I just read How does an inhibitory synapse communicate to the cell body of a neuron? and found myself asking this question ... hopefully I'm not asking the same thing

Any body possessed of a nervous system probably has hundreds of neurons. At one end of the neuron is the nervous system, at the other - the organ.

A neuron is connected to several others in the vicinity through it's dendrites. When a 'signal' (for want of better word) is put on the system bus - how does a neuron know whether it has to act ( contract/relax it's associated muscle/organ ) on the signal, or pass it on ( forward ) after amplification of the signal, if necessary?

Is there something like a chemical protocol to identify the target neuron/group-of-neurons that form the destination?

  • $\begingroup$ Sensory neurone is the protocol I guess. $\endgroup$ – Fyce Oct 7 '12 at 10:21

An analogy to a computer bus can easily mislead you. Neurons do not communicated via a multiplexed "bus" with different targets; rather the complex connectivity of the neurons itself works as a computing device as a whole. The area study for understanding the communication among neurons is called "neural coding".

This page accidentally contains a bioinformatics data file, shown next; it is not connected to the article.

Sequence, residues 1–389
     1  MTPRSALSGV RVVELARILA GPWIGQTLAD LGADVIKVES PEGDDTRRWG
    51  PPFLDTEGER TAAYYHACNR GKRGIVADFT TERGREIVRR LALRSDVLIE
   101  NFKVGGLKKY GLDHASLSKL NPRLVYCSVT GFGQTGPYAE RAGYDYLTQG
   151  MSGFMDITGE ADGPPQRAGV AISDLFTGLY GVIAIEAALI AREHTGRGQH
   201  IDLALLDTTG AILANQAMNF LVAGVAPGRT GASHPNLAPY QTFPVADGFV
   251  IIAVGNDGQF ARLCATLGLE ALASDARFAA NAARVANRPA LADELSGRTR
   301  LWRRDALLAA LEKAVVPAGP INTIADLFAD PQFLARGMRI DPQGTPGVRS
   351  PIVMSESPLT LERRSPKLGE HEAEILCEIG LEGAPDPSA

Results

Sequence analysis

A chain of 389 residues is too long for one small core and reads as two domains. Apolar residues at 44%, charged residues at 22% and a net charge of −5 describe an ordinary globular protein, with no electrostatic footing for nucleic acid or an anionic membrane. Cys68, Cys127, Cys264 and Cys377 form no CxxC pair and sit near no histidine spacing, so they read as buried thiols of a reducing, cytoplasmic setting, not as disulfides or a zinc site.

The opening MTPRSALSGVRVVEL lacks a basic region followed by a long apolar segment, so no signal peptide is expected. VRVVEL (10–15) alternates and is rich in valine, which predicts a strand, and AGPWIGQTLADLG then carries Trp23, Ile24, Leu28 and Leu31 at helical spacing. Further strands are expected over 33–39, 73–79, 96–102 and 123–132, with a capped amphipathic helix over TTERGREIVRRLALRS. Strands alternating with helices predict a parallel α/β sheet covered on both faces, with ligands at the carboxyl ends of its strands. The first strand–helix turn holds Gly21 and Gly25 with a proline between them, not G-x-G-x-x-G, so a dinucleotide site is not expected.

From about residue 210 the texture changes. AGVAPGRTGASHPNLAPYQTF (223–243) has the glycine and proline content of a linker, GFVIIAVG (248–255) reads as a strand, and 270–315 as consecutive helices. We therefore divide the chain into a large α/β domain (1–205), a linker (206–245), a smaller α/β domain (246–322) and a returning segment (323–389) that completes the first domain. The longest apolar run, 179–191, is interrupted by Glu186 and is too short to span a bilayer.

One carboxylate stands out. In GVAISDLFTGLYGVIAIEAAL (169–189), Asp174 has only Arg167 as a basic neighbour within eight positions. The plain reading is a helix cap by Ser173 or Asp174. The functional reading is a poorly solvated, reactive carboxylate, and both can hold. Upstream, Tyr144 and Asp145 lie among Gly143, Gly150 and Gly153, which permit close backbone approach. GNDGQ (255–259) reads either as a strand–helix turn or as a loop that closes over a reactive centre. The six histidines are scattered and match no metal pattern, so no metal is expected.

If you are talking about just the motor and sensory peripheral nerves, they innervate specific targets.

| improve this answer | |
  • $\begingroup$ I'm confused; does this mean that a neuron can identify what is meant for it's action without the signal itself carrying some kind of identification? $\endgroup$ – Everyone Oct 7 '12 at 18:28
  • 1
    $\begingroup$ @Everyone, no it means that most neurons are hard wired for a specific task. Activating them results in a task-specific signal. That said, information "can" be encoded in the signal. Different chemical pathways in the neuron can be activated depending on the incoming signal, the same neuron can react in different ways to different neurotransmitters for example. $\endgroup$ – terdon Oct 8 '12 at 10:06

Your Answer

By clicking “Post Your Answer”, you agree to our terms of service, privacy policy and cookie policy

Not the answer you're looking for? Browse other questions tagged or ask your own question.